Nov. 29, 2016
I always liked the process of discovery in synthetic chemistry. What we do is to carry out a reaction, isolate the product, identify it, and then repeat this process to construct a complex target molecule. The creative aspect of synthetic chemistry is incredibly important – in some ways it’s more of an art than a science. It’s a lot like baking or cooking – sometimes it works out, sometimes not.
When we go through long sequences of reactions in the lab, tweaking details and reaction times to get a pure final product, it is very satisfying. Our goal is to make liquid crystalline compounds, where molecules are ordered like a solid, but fluid like a liquid. We check to make sure they are liquid crystals by heating it up and cooling it down under a microscope, and observing texture changes that allow us to identify the liquid crystal phase.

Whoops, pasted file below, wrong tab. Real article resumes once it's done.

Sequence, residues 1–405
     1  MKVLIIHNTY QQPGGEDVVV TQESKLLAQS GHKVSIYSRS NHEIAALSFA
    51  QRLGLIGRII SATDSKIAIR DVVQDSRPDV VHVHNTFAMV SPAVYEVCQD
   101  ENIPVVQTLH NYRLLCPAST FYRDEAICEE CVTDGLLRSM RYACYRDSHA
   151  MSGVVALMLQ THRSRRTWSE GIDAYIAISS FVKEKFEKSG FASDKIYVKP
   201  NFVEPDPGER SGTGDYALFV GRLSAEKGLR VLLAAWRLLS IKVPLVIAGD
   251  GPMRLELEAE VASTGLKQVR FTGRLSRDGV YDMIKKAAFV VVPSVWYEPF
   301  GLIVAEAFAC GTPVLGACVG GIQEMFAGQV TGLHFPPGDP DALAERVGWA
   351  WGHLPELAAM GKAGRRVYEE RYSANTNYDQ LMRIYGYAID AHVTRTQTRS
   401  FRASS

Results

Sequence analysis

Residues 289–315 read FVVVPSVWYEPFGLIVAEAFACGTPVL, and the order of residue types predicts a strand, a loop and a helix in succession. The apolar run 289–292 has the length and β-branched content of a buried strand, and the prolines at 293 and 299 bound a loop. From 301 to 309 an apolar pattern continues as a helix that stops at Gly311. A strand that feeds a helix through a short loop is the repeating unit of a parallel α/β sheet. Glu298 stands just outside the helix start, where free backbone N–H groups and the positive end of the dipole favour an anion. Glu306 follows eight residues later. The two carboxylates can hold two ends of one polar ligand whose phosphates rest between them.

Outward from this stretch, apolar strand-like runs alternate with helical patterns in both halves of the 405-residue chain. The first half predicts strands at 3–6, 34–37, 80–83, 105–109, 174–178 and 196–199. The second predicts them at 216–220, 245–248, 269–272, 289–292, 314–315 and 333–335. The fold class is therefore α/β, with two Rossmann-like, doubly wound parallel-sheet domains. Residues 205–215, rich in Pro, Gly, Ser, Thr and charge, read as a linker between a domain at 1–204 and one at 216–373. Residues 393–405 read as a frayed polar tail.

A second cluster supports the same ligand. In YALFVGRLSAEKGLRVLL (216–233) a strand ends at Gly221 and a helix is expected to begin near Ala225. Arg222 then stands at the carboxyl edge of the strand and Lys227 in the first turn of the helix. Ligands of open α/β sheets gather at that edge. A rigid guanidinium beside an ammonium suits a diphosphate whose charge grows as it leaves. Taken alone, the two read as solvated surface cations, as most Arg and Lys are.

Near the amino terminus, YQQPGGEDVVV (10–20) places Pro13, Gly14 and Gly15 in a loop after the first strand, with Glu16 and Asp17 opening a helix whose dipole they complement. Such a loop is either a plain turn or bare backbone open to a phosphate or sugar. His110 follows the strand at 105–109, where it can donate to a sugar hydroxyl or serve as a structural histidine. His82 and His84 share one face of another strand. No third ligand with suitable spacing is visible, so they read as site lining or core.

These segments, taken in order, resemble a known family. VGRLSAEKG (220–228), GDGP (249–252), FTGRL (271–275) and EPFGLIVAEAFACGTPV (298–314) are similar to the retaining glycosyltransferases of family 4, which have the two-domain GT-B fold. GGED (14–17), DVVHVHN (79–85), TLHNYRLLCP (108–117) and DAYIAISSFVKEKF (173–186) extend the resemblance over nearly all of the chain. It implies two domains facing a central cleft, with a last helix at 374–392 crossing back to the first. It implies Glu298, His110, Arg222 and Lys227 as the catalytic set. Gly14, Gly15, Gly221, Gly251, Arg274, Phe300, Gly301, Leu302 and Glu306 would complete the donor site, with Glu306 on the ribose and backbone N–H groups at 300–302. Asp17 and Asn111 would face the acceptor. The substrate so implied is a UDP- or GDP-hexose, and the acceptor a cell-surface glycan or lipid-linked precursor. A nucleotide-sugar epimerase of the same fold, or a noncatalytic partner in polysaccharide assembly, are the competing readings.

Every time we make a brand new compound, it is exciting.
Ken Maly is also Associate Dean, Priorities and Planning, for the Faculty of Science.
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